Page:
I issue the following command to find the .svn directories:

find . -name ".svn"

That gives me the following results:


How could I process all these lines with rm -fr in order to delete the directories and their content?

  • 4
    GNU find has the -delete option. – Marco Sep 9 '13 at 8:49
  • 5
    Or you can add -exec rm -r "{}" \; to the end of the find - be careful when using rm -r! :) – Drav Sloan Sep 9 '13 at 8:52
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    @Marco The delete option does not seem to work on directories. – Arnaud Sep 9 '13 at 9:01
  • @SuperChafouin It works perfectly well here on files and directories. The point is that it only deletes emtpy directories and when you specify -name ".svn" it matches only the .svn directory itself and not the files located in the .svn directory. – Marco Sep 9 '13 at 9:22
  • 1
    @SuperChafouin but will not work for paths with spaces in them (hence using -exec with quoted "{}"). – Drav Sloan Sep 9 '13 at 9:55

Find can execute arguments with the -exec option for each match it finds. It is a recommended mechanism because you can handle paths with spaces/newlines and other characters in them correctly. You will have to delete the contents of the directory before you can remove the directory itself, so use -r with the rm command to achieve this.

For your example you can issue:

find . -name ".svn" -exec rm -r "{}" \;

You can also tell find to just find directories named .svn by adding a -type d check:

find . -name ".svn" -type d -exec rm -r "{}" \;

Warning Use rm -r with caution it deletes the folder and all its contents.

If you want to delete just empty directories as well as directories that contain only empty directories, find can do that itself with -delete and -empty:

find . -name ".svn" -type d -empty -delete
| improve this answer | |
  • 31
    I have seen advice to always run -type after -name in find commands, since calls to stat to get the type are expensive. I just tried it myself on a fairly large bunch of files, and it seems to be true: running find . -name 'foo' -type d took 19 secs, while find . -type d -name 'foo' took 32 secs. So about 50% longer time to run -type first. – spinup Mar 16 '15 at 16:37
  • 10
    i've been using this command for years, but on Mac now i get errors saying those directories do not exist. Even though it does delete them. I never saw messages before. – chovy Dec 23 '15 at 8:51
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    Same as @chovy. Is there a way to get rid of these messages? – Clément Apr 23 '16 at 15:32
  • 2
    @chovy @clément That is because find wants to see in that folder for other matches, while it's removing the folder at the same time. ~I don't know yet how to fix this.~ Dirty fix: find . -name "folder-to-delete" -print0 | xargs -r0 -- rm -r – Charlie Jul 20 '16 at 12:02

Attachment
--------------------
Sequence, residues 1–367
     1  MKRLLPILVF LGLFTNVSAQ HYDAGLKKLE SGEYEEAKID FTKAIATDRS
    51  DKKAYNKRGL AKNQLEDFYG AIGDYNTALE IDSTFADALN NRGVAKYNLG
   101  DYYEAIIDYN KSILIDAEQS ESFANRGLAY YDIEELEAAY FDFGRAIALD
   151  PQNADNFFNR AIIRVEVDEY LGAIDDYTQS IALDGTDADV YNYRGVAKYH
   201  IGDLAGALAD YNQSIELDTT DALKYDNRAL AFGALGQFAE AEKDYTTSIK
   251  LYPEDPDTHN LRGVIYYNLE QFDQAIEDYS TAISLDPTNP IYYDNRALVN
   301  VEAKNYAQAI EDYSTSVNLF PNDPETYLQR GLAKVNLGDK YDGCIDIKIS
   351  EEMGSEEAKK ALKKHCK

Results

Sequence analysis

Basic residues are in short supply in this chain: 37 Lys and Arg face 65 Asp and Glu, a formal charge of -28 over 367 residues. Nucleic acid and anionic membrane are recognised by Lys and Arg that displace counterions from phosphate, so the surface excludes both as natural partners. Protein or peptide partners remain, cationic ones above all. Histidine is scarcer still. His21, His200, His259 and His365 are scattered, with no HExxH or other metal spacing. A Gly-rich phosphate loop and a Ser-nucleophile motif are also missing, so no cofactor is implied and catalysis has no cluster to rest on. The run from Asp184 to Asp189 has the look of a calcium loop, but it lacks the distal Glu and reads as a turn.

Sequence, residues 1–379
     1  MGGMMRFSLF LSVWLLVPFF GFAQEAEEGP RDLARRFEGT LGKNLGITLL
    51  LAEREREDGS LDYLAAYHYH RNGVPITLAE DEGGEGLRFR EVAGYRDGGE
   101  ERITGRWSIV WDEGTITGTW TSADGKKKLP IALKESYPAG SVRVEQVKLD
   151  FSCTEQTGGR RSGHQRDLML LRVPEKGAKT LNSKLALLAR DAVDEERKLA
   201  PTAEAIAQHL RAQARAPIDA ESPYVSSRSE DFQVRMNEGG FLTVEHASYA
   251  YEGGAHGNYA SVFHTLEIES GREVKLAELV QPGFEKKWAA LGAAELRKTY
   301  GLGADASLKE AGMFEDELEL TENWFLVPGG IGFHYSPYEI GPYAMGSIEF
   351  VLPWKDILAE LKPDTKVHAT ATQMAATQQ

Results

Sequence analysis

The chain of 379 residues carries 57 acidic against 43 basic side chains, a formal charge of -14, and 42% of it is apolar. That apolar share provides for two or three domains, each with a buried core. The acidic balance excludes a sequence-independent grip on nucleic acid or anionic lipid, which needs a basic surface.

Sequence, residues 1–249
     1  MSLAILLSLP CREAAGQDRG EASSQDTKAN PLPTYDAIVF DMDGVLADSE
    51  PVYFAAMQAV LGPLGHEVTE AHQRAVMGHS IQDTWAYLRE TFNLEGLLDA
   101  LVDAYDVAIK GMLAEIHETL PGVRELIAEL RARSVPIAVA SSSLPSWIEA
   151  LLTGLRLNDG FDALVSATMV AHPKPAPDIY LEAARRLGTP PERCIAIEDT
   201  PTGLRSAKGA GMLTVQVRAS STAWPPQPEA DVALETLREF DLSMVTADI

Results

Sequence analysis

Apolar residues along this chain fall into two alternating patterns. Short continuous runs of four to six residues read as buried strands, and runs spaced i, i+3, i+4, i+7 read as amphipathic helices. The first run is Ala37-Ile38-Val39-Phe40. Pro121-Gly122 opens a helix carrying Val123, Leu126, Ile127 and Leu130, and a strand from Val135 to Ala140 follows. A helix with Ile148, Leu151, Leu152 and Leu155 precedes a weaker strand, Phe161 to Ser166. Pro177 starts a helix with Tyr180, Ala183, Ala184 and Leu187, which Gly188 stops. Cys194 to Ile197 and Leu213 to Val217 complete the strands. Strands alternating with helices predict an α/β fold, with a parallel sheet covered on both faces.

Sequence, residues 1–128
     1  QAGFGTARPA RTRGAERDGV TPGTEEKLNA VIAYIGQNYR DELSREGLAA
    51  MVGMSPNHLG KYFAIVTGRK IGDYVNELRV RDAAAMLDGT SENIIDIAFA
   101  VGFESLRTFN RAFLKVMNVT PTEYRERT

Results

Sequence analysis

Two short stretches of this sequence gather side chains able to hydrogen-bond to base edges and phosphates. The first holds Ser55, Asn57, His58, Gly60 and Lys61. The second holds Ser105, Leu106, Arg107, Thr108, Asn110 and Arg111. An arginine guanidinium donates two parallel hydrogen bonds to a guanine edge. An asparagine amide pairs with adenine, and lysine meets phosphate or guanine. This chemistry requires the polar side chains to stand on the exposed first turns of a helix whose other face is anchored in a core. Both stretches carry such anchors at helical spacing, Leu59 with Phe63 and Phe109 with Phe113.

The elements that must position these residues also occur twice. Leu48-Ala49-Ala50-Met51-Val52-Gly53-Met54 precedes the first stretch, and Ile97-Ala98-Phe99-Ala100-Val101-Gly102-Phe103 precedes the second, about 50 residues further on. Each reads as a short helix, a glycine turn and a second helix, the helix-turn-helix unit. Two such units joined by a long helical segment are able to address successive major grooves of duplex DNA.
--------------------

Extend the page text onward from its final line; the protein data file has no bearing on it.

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    @chovy @Clément I think the -depth argument fixes this: find . -depth -name ".svn" -type d -exec rm -r "{}" \; – gimboland Jul 27 '16 at 7:57

Here is a portable still faster than the accepted answer way.

Using a + instead of a semicolon as find command terminator is optimizing the CPU usage. That can be significant if you have a lot of .svn sub-directories:

find . -name .svn -type d -exec rm -rf {} +

Note also that you never1 need to quote the curly braces here.

1 Unless you use the fish shell (this might have been fixed since I wrote this reply).

| improve this answer | |
  • 5
    What's difference between + and semicolon? Why we don't use curly braces? – Shicheng Guo Jan 4 '17 at 19:25
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    @ShichengGuo With the semicolon, there will be one rm command per directory found, with the + a single rm command will process all directories found (or at least a very large number of them.) I don't get your second question, curly braces are used here. – jlliagre Jan 4 '17 at 20:13
  • I think @ShichengGuo means why don't we need to quote the curly braces here (@jlliagre wrote that we never need to quote them). I can't find a reference now, but I understand it's because find will automatically escape the paths replaced for {}. – Quinn Comendant Mar 8 '17 at 6:47
  • The answer and the question are not quite right on what + does. If many files are found then ';' would give 'command line too long' error. + splits the files found in batches which are less than max allowed command line length and runs the command for each batch. – gaoithe Mar 22 '17 at 11:56
  • 1
    @gaoithe I did rollback you edit which replaced a correct statement with an incorrect one. Using + does reduce CPU usage, Using ; does not lead to a command too long error. – jlliagre Mar 22 '17 at 12:26

Assume you are using gnu find, you can use the -delete option:

find . -name test -delete